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Senate President Pro Tempore Jake Corman (R., Centre), seen here in 2018, has pushed for the controversial review of last year's election results.

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Harrisburg, Pa. — The state Senate committee undertaking a controversial review of last year’s presidential election results on Wednesday authorized subpoenas for personal information on every registered voter in Pennsylvania.

The 7-to-4 vote along partisan lines by the Senate Intergovernmental Operations Committee allows the panel to demand that the Department of State, which oversees elections statewide, turn over the name, address, driver’s license, and partial social security number of every voter registered as of last November.

The subpoenas also request all email and other written communications between the Department of State and elections officials in every Pennsylvania county.

That information, Senate officials said, would then be turned over to a yet-to-be-identified private company, which would carry out the review. The committee’s chair, Republican Sen. Cris Dush of Jefferson County, refused to provide any information about which companies he is vetting for the job.

Dush did say Wednesday, under questioning by Democratic senators critical of the investigation, that the company would be paid with taxpayer dollars. Top Senate officials earlier this week said they do not have a specific budget for their review, nor have they set a ceiling on how much they are willing to spend on it.

Democrats, including those in Gov. Tom Wolf’s administration, have blasted the GOP’s election inquiry as a partisan and baseless attack on the legitimate outcome of the 2020 election. On Wednesday, the committee’s Democratic senators peppered Dush with questions, many of them centering around the panel’s authority to issue subpoenas and the GOP’s efforts to find and vet a private company — which Dush largely sidestepped or refused to answer.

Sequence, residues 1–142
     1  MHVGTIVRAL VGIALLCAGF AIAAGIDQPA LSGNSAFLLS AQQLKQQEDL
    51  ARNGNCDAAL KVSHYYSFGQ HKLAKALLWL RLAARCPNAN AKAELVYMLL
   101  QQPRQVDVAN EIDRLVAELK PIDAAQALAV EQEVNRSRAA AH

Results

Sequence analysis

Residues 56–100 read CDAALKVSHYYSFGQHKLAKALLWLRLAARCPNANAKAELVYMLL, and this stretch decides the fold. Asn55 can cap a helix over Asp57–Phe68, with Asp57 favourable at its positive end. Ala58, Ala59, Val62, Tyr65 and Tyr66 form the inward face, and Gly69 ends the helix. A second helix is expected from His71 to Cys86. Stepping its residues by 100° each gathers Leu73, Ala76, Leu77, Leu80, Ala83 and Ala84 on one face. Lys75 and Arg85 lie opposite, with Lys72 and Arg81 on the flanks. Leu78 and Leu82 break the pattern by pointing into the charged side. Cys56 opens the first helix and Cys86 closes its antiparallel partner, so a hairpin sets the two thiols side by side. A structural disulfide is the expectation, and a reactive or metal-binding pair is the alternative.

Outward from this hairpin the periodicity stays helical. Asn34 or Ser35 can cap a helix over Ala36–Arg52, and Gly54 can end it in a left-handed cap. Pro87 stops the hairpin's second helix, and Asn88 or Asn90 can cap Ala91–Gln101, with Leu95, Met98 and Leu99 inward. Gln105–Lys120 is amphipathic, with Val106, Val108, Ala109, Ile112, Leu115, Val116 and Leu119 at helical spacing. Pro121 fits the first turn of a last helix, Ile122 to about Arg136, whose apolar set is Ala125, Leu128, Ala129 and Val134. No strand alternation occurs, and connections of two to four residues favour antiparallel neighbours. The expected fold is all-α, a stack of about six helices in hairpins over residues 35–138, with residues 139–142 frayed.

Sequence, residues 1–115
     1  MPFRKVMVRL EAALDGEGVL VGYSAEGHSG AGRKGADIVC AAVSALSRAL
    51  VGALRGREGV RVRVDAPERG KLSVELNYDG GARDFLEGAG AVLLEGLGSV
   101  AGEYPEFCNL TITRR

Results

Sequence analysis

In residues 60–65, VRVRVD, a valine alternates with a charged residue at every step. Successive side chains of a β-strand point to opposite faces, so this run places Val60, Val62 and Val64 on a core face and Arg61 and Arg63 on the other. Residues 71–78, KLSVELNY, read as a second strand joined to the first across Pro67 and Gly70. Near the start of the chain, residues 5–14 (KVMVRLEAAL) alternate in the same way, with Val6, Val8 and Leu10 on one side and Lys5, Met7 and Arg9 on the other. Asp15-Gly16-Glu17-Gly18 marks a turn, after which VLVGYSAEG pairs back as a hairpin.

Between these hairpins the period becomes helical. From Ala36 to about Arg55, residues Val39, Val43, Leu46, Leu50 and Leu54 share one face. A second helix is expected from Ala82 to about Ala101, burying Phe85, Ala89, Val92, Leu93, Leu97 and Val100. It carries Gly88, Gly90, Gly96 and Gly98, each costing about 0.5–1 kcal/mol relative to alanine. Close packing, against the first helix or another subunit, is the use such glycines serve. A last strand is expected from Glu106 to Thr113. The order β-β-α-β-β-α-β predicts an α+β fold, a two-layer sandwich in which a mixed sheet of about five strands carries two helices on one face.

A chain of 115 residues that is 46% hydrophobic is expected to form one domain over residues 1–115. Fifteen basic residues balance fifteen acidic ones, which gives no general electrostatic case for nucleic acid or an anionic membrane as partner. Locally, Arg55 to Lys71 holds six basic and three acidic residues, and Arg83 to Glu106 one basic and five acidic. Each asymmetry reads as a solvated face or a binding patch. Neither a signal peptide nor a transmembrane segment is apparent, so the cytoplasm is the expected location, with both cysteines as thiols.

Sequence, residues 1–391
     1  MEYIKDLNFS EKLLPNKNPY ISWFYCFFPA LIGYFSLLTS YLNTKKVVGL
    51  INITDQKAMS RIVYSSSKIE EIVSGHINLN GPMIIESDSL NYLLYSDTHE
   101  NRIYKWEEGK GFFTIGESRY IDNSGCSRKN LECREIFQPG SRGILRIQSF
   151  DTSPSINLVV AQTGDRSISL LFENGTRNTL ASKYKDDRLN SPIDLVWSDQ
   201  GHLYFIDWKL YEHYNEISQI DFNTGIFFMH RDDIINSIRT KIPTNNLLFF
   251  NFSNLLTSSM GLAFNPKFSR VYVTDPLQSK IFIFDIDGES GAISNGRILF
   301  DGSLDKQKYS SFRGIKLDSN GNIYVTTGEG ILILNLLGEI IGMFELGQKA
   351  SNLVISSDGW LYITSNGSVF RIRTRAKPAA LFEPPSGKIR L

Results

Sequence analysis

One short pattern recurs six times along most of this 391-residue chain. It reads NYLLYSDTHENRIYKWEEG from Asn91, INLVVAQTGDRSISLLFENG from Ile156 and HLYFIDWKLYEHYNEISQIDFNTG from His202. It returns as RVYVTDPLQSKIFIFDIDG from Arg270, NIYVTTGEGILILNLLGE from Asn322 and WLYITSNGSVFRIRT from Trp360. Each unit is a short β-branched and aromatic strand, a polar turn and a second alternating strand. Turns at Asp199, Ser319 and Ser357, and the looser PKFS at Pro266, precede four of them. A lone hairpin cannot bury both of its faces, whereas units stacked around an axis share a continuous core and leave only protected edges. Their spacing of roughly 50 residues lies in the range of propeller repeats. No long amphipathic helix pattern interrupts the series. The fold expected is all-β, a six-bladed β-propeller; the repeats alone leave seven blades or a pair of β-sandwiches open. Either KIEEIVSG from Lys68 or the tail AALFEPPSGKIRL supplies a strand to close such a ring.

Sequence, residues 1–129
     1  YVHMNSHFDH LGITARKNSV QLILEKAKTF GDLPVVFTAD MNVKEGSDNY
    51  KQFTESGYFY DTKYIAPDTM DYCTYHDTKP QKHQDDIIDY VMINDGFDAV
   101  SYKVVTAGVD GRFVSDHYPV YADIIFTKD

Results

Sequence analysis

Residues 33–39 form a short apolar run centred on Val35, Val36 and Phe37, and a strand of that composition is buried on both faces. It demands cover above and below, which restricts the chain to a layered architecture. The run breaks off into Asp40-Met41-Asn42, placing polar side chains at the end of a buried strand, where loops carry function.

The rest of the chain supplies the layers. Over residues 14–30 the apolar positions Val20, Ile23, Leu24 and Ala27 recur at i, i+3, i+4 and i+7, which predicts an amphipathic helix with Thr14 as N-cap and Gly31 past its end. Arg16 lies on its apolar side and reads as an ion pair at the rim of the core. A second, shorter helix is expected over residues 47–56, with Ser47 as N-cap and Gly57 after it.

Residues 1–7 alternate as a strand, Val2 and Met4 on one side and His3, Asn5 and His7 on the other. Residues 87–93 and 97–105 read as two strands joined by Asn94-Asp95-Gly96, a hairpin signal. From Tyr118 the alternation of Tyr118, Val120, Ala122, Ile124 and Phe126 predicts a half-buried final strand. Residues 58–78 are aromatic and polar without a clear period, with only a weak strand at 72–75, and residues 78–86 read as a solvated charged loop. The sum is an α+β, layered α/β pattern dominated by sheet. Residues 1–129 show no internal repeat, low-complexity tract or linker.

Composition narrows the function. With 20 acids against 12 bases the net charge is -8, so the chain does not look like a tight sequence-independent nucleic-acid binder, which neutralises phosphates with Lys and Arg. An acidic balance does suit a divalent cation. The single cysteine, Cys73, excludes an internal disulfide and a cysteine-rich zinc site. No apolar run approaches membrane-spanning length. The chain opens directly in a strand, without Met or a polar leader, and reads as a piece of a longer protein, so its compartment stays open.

“You are incapable right now today to tell the members of this committee and the public who will have access to that information … and whether that information will be made public,” said Sen. Steve Santarsiero (D., Bucks).

Sen. Anthony Williams (D., Philadelphia) was critical of the lack of information. He said turning over private voter information to an outside company “should be scary to all of us.”

“This should be seen as a betrayal of those who are here to represent you,” said Williams.

The Republican subpoena not only seeks the personal information of voters registered as of November of last year, but also requests lists of voters who participated in the 2020 elections and the May 2021 primary. Republicans said Wednesday morning they would use the information to verify the identity of voters, but it was unclear to what specific end.

Republican leader and Senate President Pro Tempore Jake Corman (R., Centre) said his office has been inundated with voter concerns about the integrity of last year’s election — even as he has publicly acknowledged that he has no evidence of wrongdoing or fraud.

This story will be updated.

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